VA, UNITED STATES
QUANICAO, Va. - It takes a highly refined sense of skill to put a round in the center of the target every time. There are a countless number of small details that must be executed perfectly, breathing cheek weld, trigger control, eye relief and shooting position are just a few of the factors that can make the difference between hitting the target, or a miss.
From 1,000 yards away, those details are even more critical. A small error from the 300-yard line will usually still hit the target, at 1,000 yards that same error can throw the round off by several inches.
For the students of the Scout Sniper Basic Course, honing these skills is an extremely important test in the early stages of their journey to be a Marine Scout Sniper.
For 15 days, the students shoot the Known Distance Course, which requires them to hit targets from 300 to 1,000 yards with their M40 sniper rifles. They have to pass this qualification to move to the next phase in the course and become HOGs, or hunters of gunmen.
“Before we get them into more realistic shooting, we need to make sure that they can at least grasp the basic fundamentals of marksmanship, which is really all the KD range is about,” said an instructor for the course.
The shooters have more factors under their control on the KD range than just the distance.
“[The KD course] provides the ‘crawl, walk, run’ mentality of instructing and teaching shooting,” said an instructor for the course. “They are shooting from the prone position, they have ample time to identify the target. We account for all the atmospheric conditions and there is a shot spotter that shows them exactly where they hit, so they can make adjustments if needed.”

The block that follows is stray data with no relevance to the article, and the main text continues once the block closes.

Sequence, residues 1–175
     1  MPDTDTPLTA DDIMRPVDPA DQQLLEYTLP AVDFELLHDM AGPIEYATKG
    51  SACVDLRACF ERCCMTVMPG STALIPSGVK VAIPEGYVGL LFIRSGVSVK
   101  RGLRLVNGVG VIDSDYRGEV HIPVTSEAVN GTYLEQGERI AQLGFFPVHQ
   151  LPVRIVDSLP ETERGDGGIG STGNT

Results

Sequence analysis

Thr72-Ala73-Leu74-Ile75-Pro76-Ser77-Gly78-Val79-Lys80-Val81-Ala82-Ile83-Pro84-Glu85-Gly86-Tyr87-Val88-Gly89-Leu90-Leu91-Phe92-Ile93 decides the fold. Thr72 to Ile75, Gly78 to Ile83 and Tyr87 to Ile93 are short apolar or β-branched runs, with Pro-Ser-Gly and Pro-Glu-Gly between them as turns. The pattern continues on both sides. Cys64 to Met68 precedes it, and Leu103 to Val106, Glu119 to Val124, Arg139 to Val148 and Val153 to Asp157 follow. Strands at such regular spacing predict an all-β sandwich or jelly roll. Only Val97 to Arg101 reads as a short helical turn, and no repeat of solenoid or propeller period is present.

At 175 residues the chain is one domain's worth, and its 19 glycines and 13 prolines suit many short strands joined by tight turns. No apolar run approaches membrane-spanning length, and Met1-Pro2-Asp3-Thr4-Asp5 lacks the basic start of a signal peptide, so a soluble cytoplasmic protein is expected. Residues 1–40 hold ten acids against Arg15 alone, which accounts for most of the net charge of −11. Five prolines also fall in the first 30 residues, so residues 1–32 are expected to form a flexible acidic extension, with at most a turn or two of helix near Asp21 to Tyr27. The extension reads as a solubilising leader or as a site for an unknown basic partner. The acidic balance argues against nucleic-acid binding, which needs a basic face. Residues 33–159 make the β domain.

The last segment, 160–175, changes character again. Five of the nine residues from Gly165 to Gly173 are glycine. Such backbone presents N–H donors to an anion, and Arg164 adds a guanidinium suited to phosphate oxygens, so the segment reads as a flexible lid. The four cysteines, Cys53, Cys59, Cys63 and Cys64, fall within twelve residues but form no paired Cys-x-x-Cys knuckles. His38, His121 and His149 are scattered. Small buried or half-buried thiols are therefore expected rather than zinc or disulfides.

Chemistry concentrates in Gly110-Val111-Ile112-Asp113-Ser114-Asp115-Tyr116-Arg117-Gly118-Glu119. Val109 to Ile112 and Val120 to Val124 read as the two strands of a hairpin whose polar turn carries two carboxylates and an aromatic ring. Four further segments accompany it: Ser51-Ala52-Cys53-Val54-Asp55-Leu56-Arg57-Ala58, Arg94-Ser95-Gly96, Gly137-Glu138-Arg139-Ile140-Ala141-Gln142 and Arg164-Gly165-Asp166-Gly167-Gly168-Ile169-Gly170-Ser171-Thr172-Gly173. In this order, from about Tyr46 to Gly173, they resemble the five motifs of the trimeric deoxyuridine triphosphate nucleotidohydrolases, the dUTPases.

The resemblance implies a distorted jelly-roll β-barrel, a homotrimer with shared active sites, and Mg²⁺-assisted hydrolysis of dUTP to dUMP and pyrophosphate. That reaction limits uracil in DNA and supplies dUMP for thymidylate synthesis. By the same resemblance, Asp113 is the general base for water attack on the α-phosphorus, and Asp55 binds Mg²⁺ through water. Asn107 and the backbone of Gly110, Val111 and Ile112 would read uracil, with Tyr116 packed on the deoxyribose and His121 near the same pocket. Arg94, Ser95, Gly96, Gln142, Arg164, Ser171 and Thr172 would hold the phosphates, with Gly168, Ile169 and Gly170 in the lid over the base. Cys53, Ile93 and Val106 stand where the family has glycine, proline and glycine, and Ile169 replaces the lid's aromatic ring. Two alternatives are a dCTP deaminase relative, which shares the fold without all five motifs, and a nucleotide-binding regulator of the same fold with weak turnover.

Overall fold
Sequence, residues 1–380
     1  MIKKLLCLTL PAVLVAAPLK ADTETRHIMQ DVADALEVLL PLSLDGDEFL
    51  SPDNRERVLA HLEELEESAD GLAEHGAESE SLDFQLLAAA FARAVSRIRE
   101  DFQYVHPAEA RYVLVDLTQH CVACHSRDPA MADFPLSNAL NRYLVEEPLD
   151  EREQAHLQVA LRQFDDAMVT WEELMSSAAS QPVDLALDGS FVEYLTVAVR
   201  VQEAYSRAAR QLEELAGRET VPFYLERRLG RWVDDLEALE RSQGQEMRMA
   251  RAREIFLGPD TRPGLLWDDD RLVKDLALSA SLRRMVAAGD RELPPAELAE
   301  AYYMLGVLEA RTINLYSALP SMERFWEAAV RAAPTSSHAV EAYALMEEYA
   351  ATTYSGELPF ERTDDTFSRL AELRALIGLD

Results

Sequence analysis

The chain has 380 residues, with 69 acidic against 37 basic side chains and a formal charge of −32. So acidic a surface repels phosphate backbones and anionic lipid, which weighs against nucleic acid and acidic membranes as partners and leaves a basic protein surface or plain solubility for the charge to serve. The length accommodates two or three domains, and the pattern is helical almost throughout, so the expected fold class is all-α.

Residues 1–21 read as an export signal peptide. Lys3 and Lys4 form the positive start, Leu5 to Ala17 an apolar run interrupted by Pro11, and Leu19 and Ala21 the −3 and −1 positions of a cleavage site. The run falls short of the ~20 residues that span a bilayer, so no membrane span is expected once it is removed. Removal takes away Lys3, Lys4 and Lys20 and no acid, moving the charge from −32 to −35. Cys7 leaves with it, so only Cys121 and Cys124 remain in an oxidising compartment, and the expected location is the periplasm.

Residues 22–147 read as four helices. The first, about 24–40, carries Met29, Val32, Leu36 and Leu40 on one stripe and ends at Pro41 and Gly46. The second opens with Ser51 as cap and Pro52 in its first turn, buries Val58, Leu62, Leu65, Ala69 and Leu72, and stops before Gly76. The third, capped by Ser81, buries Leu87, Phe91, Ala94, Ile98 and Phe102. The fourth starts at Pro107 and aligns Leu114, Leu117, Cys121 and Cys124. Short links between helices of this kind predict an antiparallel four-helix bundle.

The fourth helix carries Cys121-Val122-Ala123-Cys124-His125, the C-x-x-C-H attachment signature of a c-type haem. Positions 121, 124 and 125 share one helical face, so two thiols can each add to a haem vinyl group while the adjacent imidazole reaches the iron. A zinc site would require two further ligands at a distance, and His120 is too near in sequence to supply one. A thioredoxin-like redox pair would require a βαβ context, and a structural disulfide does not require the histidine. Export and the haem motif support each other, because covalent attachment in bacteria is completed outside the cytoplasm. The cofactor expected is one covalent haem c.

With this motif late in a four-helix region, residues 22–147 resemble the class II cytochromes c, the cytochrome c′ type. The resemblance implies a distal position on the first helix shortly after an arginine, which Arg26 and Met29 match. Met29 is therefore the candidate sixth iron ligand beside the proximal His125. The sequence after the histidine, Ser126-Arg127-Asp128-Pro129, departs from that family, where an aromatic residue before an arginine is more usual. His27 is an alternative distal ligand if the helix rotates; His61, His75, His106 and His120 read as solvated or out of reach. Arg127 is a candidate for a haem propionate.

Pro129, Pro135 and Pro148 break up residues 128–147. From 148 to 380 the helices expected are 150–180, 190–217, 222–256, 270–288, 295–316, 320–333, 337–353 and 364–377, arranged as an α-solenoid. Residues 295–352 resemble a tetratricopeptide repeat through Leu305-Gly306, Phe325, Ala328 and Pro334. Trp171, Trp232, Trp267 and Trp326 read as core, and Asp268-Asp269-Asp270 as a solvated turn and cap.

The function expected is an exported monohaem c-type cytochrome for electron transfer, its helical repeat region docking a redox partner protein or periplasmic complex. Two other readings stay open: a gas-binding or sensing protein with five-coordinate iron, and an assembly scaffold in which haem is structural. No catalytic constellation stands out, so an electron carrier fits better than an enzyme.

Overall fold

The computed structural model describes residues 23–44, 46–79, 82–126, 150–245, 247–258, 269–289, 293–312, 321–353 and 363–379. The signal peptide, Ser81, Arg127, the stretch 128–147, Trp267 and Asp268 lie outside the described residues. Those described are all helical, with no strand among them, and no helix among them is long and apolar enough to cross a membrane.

Because while the lessons instilled on the KD course of fire are important in their own right, they really serve as the foundation for the more advanced skills the students will learn on their journey to wear the coveted hog’s tooth, the 7.62 mm round given to all Marines upon graduation from the course.
“[Shooting] under stress, in combat gear, where there is no shot spotter to show you how far away you missed the target, with limited visibility and limited engagement time to get that target down,” added the instructor. “It’s all about building from the ground up and working slow.”
The instructors throw as much variety as they can over the course of the 15-day evolution. Some days they will shoot in the morning into the afternoon or the afternoon into the evening. Other days the shooters will start from the 300-yard line and work their way back. On especially challenging days they will start at the 1,000-yard line and move forward. When a student’s first shot of the day comes from that far away, it really tests the knowledge they should have learned by that point.
“Mainly, its ensuring that they make a good, solid, wind call,” said the chief instructor for the course. “That they are able to read the winds, judge the atmospherics with the temperature and barometric pressure and then feed all that data in to make the calculations to get that first round in the black.”
Once these students pass the KD course of fire, they have the basic foundation of skills need to move onto the more advanced shooting techniques such as unknown distance target engagement and the all-important stalk.
This work, Developing the skill for one shot, one kill, by Sgt Christopher Zahn, identified by DVIDS, is free of known copyright restrictions under U.S. copyright law.